Question: Walk us through your idea for declassifying
Leon Botstein: The idea of "Classics
Declassified," this series we have at Symphony Space, which we’ve been
doing for a long time in New York. We did Miller Theater and Cooper
Union in years past. Basically the idea is to try to give the audience
an idea of the context and the character of the piece in a way which
would inform their listening without guiding it. There’s a whole
generation of music education videos or programs, Leonard Bernstein
pioneered them with the young people’s concerts. Michael Tilson Thomas’
series with the San Francisco. A lot of those programs tried to explain
the piece—take a Beethoven’s symphony, Beethoven’s Fifth Symphony—and
to... which everybody knows, and try to explain how it’s put together.
So it’s as if you had a video on audio mechanics and someone took the
car apart. They showed you here is the, here are the pistons and here is
the wheel and here is the tire and here’s the starter and here are the
electronics. This is the transmission. And this is how it works, and
teach you some basic physics on why the car moves so that you can learn
something about why the car actually moves and works and how it works.
So that’s one way of doing it.
We don’t do that. What we do is
something different. We don’t try to simplify a complex subject like
music theory and music form, which... a lot of technical vocabulary,
which most people don’t know. Once upon a time everybody went to, you
know, piano lessons in a middle class audience and they knew a little
bit about, could read music sort of and they could play the piano so
they knew the difference between major and minor and you could use some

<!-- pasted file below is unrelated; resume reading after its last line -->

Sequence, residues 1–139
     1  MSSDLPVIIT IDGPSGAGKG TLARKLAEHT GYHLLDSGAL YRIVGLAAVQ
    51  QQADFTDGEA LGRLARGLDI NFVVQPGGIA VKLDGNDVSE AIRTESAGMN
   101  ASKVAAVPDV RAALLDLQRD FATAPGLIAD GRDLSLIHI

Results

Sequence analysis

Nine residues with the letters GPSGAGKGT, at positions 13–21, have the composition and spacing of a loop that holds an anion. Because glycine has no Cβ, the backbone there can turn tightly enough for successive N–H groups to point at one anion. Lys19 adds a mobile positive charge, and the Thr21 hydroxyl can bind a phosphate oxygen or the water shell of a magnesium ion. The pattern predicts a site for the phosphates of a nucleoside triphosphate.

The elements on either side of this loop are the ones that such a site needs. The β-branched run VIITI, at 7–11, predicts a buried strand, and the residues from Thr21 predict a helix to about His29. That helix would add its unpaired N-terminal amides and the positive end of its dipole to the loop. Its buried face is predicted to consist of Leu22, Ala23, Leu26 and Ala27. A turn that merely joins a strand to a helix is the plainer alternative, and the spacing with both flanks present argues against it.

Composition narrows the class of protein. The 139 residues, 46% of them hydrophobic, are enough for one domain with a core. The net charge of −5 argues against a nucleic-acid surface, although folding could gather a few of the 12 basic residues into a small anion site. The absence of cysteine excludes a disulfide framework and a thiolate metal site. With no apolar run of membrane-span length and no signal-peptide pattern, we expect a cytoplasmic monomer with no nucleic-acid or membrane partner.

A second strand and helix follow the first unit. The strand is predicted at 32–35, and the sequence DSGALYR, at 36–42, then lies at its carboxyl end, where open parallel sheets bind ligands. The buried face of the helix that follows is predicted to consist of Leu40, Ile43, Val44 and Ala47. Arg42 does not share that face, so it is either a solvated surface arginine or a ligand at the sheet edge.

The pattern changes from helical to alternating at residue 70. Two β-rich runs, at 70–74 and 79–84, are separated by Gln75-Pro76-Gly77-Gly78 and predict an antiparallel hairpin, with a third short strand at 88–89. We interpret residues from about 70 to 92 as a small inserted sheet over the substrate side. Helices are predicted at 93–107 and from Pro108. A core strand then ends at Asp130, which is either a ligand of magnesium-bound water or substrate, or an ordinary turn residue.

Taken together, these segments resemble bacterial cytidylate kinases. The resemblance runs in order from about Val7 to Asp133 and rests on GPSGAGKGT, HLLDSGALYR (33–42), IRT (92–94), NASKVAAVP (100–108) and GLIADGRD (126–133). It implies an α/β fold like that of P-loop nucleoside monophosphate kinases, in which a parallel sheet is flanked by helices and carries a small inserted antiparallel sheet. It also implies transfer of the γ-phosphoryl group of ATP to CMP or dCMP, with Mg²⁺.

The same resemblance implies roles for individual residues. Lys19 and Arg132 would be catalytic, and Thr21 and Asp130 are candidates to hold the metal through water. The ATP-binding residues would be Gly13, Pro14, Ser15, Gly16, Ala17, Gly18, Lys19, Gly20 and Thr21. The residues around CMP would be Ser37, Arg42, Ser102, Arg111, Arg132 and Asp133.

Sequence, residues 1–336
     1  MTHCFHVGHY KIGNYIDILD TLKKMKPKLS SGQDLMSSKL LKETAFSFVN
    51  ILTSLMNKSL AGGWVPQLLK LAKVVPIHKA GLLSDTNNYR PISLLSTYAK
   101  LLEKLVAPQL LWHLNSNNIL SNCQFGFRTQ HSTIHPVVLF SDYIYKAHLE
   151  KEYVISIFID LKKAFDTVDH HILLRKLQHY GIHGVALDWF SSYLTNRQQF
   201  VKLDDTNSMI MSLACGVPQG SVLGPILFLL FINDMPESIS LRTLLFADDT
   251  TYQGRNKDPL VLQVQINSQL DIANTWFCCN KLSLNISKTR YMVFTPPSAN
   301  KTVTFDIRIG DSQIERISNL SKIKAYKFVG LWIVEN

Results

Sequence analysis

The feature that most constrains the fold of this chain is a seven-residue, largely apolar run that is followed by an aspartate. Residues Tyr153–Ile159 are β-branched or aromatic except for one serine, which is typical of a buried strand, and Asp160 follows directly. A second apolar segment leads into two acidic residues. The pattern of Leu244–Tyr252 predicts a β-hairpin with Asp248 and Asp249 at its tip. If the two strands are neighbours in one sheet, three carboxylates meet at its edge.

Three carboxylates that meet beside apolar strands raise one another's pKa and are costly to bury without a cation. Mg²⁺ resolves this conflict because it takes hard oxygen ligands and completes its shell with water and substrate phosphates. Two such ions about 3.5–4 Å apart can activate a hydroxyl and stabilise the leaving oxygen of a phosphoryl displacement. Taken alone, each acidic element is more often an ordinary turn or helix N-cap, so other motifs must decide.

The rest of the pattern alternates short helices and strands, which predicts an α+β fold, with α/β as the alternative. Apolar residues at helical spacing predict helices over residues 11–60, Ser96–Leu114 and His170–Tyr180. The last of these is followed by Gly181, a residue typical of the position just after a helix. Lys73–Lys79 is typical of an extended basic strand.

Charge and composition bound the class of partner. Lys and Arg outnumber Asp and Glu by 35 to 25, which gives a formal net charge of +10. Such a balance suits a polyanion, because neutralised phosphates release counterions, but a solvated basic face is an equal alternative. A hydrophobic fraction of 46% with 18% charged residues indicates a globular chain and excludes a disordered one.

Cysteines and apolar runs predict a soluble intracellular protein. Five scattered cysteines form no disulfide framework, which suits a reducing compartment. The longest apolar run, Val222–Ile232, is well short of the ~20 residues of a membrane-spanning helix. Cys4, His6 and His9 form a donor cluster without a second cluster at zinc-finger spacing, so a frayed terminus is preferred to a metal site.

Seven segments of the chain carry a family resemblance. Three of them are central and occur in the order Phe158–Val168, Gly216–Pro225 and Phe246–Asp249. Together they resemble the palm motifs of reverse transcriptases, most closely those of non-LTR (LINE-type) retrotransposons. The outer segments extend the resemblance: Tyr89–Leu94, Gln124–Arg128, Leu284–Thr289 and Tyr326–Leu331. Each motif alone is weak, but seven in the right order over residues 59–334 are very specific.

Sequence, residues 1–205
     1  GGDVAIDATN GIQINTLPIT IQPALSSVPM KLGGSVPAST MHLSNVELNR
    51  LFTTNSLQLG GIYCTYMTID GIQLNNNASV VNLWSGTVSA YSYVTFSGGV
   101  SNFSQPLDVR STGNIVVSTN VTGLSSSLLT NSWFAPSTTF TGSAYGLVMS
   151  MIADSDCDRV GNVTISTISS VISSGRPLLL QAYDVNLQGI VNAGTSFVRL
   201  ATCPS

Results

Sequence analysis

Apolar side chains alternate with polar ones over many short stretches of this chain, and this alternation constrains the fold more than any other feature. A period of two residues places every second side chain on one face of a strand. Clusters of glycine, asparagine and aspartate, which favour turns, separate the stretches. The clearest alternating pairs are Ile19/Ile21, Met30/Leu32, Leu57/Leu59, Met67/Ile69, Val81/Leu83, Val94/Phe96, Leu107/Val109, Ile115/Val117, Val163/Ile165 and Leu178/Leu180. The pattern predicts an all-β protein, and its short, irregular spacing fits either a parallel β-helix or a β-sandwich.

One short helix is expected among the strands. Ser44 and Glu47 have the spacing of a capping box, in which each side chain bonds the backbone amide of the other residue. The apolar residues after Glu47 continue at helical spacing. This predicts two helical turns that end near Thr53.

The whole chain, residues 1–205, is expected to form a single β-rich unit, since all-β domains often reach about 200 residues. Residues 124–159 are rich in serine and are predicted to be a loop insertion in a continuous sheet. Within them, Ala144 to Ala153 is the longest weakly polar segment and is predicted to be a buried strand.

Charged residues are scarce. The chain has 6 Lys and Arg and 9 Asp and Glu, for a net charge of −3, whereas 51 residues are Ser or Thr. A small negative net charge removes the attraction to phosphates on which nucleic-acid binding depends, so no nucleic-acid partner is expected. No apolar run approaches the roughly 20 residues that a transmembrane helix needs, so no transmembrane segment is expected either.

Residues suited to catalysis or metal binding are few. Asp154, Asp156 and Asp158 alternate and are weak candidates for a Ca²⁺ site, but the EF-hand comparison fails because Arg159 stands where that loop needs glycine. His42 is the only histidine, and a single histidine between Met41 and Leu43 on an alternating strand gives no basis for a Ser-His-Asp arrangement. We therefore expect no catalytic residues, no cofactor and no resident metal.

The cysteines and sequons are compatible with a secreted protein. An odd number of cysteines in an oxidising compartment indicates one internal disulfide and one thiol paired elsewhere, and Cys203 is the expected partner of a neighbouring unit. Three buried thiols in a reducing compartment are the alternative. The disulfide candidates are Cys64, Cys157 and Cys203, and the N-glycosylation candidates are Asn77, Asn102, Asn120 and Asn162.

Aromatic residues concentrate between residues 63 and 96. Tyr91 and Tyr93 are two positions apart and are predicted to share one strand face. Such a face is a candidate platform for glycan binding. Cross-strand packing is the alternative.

That’s gone. Most people who grew up with
pop music and rock music, they play, they do it by ear, they improvise.
They don’t know any theory, they don’t know any lingo. So what do you
want to talk to them about? They’re educated people. You want to talk
about the things that they are interested in that connect to music. So
we talk about the politics of the period in which the period the piece
was written. We’ll talk about the relationship to literature; to art; to
the problems in the composition; what the piece did for the composer
biographically; where it comes from in the composer’s lifetime; what
their relationship between music and other issues—they can be
philosophical, they can be political, they can be poetic.
what’s innovative; so in a case of a very well-known piece, like the 5th
symphony, you want to show a little bit how the piece is put together
in order to show why Beethoven is special, what has made this piece so
famous, and what’s the key to his popularity. Why do people think the
piece represents victory? Why do they think the piece represents
something that’s military? Why did Peter Schickele the composer who was a
humorist, narrate a football game using the first movement of the
Beethoven’s Fifth as a soundtrack? Why did the allies use the opening
bars as a symbol of victory? Why did this piece become an icon? So you
do explain a little bit about how the piece is put together.
you talk more about thinking about ways of thinking about the piece,
because you don’t want to tell the audience how to listen. I’m always
offended by program explanations or notes that sort of say, well, here
comes a trumpet tune and then it changes key and then there’s a
variation, so the poor listeners are looking for what someone has taught
her or him to look at. So it’s as if take a boat around Manhattan,
instead of leaving me to look around to see. I might look at the sky; I
might look at the water. But they've told me there’s the Empire State
Building so I’m waiting for the Empire State Building to arrive. Then
they go around the bend and they tell me, well, there’s the United
Nations. I’m waiting for the United Nations to arrive. Well, I might as
well stay at home, you know? I haven’t seen anything on my own.
don’t want to turn music listening to tourism. Tourism is a fraud. You
buy a little guidebook and it tells you to go see the Eiffel Tower in
Paris and that’s all they see. The best thing to do is throw the
guidebook away and just go for a walk. You’ll discover the place for
yourself. So what we try to do is help the person discover stuff and
think about stuff without giving them answers.
Recorded on May 10, 2010